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Washington’s Supreme Court has denied Seattle’s bid to reinstate an income tax on wealthy households.

In a majority decision, the Supreme Court on Thursday declined to review the city’s request to overturn rulings against the tax by a King County Superior Court judge and the state Court of Appeals, The Seattle Times reported.

Without issuing an opinion, Supreme Court dismissed Seattle’s petition for review and a petition written by the Economic Opportunity Institute, a Seattle-based progressive think tank.

A Supreme Court spokeswoman declined to report the tally and how each justice voted.

The ruling means Washington and its cities will remain barred from enacting graduated income taxes, with different rates based on wealth. But some advocates may still see a way to move forward, because the Supreme Court let stand a decision by the Court of Appeals last year to void a state law that banned taxes on net income.

“Seattle has the authority to adopt an income tax, and I believe we can craft a proposal that can help make our tax system less regressive,” Mayor Jenny Durkan said in a statement Friday.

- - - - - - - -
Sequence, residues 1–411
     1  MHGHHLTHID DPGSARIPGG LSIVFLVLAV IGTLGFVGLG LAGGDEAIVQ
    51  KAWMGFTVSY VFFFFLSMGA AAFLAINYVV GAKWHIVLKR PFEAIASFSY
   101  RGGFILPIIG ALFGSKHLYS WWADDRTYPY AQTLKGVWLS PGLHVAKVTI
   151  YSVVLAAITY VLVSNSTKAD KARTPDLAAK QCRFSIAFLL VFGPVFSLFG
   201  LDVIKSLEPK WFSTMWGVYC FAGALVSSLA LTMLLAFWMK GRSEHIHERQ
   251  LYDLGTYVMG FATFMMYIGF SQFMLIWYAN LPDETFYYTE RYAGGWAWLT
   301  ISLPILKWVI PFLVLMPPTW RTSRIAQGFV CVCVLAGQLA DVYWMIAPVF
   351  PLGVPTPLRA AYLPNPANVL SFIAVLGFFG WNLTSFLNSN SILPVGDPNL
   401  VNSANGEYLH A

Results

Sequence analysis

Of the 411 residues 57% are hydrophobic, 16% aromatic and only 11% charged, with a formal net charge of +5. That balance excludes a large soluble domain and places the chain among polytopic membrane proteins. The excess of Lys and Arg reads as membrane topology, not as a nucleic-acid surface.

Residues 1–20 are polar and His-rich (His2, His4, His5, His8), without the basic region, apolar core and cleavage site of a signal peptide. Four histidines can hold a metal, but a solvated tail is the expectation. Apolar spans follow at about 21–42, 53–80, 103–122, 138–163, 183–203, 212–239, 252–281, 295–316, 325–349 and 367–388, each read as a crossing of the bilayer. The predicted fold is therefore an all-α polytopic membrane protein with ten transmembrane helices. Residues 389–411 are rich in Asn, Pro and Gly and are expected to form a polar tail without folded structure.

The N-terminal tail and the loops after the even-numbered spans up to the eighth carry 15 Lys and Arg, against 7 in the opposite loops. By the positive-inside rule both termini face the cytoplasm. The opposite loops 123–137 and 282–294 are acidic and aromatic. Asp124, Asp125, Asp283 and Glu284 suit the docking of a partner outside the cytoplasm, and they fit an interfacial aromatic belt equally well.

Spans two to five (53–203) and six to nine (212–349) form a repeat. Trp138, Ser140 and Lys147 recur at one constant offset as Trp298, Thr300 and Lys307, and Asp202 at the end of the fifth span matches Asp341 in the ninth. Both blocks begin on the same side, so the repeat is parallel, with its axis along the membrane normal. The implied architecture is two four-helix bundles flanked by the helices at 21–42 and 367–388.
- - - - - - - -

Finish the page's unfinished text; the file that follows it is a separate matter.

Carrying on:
“We are once again confronted with the reality that in times of crisis, those same residents that earn or have the least are the first to feel economic stings of job loss and instability,” Durkan added. “As we emerge from this emergency all of us need to rebuild a city that is more just and equitable.”

Washington is one of the few states without an income tax, and its system has been labeled by tax reformers as the most regressive, meaning poor residents pay a much higher percentage of their earnings than do rich residents.

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